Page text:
An official with NEMC told Property Watch that the ESIA may be endorsed by end this month or early August after receiving it last February.
“It’s in the hands of our experts who will make a final decision soon,” the official said as reports said there are fears that the project may take a bigger chunk of Kigamboni ferry area including Mwl. Nyerere Academy and Kurasini.
“Honestly I don’t have an answer to such rumours unless the experts release their final verdict,” the NEMC official who declined to be identified because he is not an official spokesperson of the council.
The report pointed out that in Phase 1, the project will construction of a new multipurpose berth at Gerezani Creek – which shall be used for general cargo operations until Berths 1 to 7 are modernised.
“In Phase 1, the project will deepen and strengthening Berths 1 to 7, with depth increased to 14 metres to approximately 1,281 m length and paving of inshore container terminal yards at Berths 5 to 7,” the ESIA said.
The report further said that during this phase, the project will also involve improving rail linkages and platform inside the Port; increase of the capacity of the grain silos, and support of installation of a conveyor system, and high speed bulk grab.
Phase 2 of the project will include deepening and widening the entrance channel and turning basin in the port to the end of Berth 11 to 14 m.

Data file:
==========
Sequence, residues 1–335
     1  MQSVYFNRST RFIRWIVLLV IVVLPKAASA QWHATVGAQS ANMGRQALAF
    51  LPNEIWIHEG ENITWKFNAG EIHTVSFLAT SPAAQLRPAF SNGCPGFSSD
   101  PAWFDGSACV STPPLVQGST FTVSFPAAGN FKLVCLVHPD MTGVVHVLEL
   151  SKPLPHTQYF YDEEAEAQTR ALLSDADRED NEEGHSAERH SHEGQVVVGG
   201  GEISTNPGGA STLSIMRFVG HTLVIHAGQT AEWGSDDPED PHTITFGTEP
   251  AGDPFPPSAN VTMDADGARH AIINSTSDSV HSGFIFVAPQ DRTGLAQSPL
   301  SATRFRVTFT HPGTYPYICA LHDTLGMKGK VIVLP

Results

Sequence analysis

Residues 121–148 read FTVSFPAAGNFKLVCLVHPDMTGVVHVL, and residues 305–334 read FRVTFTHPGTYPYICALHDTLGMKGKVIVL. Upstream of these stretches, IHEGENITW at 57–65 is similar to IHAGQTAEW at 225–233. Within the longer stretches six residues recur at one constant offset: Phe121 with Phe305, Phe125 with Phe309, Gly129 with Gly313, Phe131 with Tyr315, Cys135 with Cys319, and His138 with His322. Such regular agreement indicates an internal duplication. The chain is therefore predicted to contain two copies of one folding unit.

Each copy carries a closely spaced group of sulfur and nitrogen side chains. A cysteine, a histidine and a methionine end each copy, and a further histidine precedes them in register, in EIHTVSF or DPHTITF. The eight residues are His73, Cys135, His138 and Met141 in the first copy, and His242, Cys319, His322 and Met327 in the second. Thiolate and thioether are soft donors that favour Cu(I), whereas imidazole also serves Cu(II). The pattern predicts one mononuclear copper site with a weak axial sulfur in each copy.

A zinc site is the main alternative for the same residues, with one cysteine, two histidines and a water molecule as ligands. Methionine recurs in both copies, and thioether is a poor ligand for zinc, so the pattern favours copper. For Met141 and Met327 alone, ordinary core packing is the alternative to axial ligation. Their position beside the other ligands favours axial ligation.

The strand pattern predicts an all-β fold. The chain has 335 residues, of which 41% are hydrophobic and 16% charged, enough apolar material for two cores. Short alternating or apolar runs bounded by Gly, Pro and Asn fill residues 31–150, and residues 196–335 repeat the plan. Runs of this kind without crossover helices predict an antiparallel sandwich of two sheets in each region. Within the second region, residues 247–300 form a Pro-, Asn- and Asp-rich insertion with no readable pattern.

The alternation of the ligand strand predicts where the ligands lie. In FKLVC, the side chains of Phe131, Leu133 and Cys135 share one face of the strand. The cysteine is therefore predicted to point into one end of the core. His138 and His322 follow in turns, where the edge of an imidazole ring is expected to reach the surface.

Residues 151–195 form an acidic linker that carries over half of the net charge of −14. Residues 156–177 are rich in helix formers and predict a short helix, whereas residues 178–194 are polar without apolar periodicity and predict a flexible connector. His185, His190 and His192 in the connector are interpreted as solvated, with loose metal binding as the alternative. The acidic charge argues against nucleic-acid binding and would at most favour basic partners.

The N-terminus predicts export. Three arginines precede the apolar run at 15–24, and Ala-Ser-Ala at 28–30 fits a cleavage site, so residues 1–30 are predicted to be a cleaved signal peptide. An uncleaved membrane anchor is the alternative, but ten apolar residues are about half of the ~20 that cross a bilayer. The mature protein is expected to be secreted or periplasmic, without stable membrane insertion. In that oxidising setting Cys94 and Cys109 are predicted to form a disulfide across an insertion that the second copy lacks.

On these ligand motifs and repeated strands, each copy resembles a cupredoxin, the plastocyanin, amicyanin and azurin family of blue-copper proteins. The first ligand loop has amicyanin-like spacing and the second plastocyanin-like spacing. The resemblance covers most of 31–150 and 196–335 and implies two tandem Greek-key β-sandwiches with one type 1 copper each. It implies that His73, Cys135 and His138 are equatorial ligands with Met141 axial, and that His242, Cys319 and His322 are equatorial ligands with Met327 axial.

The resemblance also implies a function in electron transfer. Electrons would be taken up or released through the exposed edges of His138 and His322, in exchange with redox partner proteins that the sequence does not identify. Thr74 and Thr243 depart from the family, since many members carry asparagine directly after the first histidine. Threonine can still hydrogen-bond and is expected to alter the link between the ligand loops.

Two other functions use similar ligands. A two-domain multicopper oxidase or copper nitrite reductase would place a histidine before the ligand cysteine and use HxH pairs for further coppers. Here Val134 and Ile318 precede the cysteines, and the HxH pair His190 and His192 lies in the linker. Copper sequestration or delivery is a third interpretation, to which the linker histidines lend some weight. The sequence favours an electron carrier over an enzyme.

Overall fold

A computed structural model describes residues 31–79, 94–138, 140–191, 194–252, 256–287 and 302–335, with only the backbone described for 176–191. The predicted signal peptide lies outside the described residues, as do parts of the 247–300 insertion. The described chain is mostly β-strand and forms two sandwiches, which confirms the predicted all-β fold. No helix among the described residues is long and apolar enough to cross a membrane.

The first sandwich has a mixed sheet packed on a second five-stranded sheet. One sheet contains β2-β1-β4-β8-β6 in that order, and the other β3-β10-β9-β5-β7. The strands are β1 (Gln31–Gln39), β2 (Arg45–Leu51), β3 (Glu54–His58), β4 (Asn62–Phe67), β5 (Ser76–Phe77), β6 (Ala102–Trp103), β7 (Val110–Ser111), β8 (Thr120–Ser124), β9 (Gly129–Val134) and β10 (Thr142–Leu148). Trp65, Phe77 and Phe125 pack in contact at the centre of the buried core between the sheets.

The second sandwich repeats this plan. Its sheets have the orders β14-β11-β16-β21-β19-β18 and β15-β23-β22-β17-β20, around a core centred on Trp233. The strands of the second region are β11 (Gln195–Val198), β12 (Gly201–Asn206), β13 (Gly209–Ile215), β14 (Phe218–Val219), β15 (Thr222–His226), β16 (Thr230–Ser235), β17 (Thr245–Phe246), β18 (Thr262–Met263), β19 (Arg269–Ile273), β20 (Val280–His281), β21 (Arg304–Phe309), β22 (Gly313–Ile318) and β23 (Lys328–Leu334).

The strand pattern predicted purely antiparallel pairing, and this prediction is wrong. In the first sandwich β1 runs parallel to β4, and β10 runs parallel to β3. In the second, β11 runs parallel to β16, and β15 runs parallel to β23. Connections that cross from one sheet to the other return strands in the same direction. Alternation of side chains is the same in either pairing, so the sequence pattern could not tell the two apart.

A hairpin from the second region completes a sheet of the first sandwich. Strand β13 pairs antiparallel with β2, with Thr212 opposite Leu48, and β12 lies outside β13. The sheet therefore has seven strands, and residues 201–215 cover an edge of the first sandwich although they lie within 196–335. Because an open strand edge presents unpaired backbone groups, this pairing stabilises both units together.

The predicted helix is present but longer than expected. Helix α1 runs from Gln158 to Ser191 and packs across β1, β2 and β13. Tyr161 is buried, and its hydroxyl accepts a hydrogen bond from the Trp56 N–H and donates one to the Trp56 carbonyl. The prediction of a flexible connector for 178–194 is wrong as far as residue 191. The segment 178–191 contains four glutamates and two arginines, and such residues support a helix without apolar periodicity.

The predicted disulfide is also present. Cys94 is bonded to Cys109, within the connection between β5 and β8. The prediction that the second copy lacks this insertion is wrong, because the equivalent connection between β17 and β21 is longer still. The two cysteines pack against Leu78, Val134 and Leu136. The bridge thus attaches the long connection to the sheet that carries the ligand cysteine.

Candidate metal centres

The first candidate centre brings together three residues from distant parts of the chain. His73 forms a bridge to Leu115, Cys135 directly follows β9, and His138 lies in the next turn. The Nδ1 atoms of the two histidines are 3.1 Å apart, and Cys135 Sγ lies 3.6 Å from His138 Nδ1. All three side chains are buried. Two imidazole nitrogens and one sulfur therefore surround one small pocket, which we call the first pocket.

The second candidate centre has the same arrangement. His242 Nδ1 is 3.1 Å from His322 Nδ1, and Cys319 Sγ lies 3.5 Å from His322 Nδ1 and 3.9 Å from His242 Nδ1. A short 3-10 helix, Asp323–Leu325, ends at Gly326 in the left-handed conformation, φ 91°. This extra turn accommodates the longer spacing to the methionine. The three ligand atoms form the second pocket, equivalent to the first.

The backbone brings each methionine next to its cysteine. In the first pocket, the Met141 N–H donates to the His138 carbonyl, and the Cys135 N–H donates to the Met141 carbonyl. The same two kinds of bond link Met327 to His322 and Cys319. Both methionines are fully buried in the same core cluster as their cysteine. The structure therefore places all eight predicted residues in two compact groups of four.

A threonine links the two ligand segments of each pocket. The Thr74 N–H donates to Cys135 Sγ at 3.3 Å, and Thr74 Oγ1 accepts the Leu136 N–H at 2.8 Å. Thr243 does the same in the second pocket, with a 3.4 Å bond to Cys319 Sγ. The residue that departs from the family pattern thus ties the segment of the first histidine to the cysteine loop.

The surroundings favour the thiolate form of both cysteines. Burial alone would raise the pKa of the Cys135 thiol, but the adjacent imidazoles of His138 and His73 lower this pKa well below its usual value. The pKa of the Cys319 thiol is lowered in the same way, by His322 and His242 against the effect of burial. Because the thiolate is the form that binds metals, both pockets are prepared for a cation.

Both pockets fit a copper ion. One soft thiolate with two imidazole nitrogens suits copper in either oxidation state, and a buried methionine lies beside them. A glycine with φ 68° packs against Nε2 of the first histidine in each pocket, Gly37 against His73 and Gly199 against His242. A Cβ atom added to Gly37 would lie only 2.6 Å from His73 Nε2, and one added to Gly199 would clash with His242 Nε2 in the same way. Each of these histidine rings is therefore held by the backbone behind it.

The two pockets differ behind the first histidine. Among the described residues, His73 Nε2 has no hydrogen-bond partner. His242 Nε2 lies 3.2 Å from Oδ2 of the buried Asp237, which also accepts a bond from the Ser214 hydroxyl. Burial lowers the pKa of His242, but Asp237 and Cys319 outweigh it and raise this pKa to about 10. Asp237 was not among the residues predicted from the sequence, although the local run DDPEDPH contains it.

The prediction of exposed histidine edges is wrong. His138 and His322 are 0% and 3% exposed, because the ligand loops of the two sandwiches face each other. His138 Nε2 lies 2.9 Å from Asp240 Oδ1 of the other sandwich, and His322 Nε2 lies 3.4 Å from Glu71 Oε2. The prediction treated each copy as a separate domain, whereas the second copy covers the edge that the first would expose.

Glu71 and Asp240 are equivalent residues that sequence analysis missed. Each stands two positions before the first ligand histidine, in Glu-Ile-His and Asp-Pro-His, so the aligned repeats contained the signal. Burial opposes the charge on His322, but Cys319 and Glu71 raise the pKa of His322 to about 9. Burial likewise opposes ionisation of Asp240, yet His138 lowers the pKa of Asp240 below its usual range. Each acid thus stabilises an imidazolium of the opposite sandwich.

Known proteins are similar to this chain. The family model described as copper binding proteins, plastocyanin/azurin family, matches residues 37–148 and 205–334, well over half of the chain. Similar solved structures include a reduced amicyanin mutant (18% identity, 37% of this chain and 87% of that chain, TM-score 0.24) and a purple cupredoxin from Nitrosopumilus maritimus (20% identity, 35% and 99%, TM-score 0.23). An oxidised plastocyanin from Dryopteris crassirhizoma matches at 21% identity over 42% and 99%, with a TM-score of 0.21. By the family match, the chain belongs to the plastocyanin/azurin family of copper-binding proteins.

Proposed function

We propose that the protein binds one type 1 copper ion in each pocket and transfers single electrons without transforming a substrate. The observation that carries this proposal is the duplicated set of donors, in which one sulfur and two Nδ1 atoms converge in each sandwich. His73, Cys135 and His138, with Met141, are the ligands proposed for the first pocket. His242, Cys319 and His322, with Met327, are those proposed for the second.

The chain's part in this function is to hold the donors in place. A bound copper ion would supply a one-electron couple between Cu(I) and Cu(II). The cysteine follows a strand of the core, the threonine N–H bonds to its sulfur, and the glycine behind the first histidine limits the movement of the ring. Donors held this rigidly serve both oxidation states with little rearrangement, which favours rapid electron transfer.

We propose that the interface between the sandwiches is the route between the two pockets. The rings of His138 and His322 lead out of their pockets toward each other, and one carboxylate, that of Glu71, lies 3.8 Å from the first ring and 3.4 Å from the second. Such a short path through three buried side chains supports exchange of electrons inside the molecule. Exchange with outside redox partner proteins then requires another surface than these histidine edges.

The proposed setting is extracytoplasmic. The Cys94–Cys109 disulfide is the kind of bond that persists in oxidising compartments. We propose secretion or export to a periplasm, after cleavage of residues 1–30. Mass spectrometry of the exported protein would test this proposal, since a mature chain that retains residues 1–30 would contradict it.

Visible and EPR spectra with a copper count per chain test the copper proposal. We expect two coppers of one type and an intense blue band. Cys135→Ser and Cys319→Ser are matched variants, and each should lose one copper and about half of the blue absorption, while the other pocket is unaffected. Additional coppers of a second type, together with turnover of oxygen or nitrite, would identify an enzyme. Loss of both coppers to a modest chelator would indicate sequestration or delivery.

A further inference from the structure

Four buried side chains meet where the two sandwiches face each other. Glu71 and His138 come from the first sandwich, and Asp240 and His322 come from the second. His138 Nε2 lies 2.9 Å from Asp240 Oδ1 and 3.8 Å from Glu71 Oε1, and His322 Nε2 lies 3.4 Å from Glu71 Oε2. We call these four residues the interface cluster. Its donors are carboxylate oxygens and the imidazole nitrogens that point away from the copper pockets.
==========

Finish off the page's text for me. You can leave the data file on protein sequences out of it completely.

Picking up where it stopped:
“In Phase 2, the project will deepen and strengthen Berth 8-11; relocation of the Kurasini Oil Jetty and construction of a new one as well as construction of a substructure and access for a new dedicated container terminal at berth 12-14,” it stated.
Noting: “Phase 2 activities are at an early stage of development and will be part of a spate stand-alone ESIA that will be prepared and disclosed.”
The report projects that upon completion of Phase 1, the Dar es Salaam Port will be able to handle large vessels, provide more efficient offloading of grain, allow the largest vehicle transport, Panamax vessels, to dock at the new roro Terminal at Gerezani.
“Upon completion of Phase 1, we will see benefit from improved use of rail infrastructure to transport goods from the port to other parts of the country and region, thus contributing to reducing traffic congestion in Dar es Salaam and the wider country,” the report reveals.
The Dar es Salaam Maritime Gateway Project (DMGP) is receiving support from various financial institutions, including World Bank and the UK’s Department for International Development (DfID) through the Trade Mark East Africa initiative.